Software Architecture

​Software Architecture

Software Architecture defines fundamental organization of a system and more simply defines a structured solution. It defines how components of a software system are assembled, their relationship and communication between them. It serves as a blueprint for software application and development basis for developer team.

Software architecture defines a list of things which results in making many things easier in the software development process.

  • A software architecture defines structure of a system.

  • A software architecture defines behavior of a system.

  • A software architecture defines component relationship.

  • A software architecture defines communication structure.

  • A software architecture balances stakeholder’s needs.

  • A software architecture influences team structure.

  • A software architecture focuses on significant elements.

  • A software architecture captures early design decisions.

Characteristics of Software Architecture

Architects separate architecture characteristics into broad categories depending upon operation, rarely appearing requirements, structure etc. Below some important characteristics which are commonly considered are explained.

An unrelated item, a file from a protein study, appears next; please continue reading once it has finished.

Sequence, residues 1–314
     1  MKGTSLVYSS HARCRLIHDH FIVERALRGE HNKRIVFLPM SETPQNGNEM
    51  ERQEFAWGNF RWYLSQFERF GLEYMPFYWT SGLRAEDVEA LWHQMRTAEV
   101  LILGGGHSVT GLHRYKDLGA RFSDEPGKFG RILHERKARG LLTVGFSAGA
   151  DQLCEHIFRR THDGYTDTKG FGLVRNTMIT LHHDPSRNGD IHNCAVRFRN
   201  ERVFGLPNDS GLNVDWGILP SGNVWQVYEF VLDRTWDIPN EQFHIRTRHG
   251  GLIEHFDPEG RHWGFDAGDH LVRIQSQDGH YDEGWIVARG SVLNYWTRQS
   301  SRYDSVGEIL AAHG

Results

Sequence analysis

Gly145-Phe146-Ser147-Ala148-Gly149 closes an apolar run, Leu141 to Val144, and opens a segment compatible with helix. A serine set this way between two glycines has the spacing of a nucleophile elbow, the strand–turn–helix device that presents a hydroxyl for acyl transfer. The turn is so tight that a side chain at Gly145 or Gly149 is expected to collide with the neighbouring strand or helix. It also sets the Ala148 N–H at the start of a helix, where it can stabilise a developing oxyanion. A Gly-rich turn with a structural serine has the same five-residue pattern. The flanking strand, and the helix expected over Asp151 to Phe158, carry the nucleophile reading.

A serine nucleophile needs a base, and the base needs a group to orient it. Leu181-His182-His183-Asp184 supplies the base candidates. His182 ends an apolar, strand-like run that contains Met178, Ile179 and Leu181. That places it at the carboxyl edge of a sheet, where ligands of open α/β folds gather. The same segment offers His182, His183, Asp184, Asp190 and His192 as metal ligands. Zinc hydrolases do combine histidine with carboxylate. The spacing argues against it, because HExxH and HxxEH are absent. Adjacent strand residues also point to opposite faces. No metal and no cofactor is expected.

Operational Architecture Characteristics
  • Availability

  • Performance

  • Reliability

  • Low fault tolerance

  • Scalability

Structural Architecture Characteristics
  • Configurability

  • Extensibility

  • Supportability

  • Portability

  • Maintainability

Cross-Cutting Architecture Characteristics
  • Accessibility

  • Security

  • Usability

  • Privacy

  • Feasibility

SOLID principles of Software architecture

Each character of the word SOLID defines one principle of software architecture. This SOLID principle is followed to avoid product strategy mistakes. A software architecture must adhere to SOLID principle to avoid any architectural or developmental failure.

  1. Single Responsibility: Each services should have a single objective.

  2. Open-Closed Principle: Software modules should be independent and expandable.

  3. Liskov Substitution Principle: Independent services should be able to communicate and substitute each other.

  4. Interface Segregation Principle: Software should be divided into such microservices there should not be any redundancies.

  5. Dependency Inversion Principle: Higher-levels modules should not be depending on low-lower-level modules and changes in higher level will not affect to lower level.

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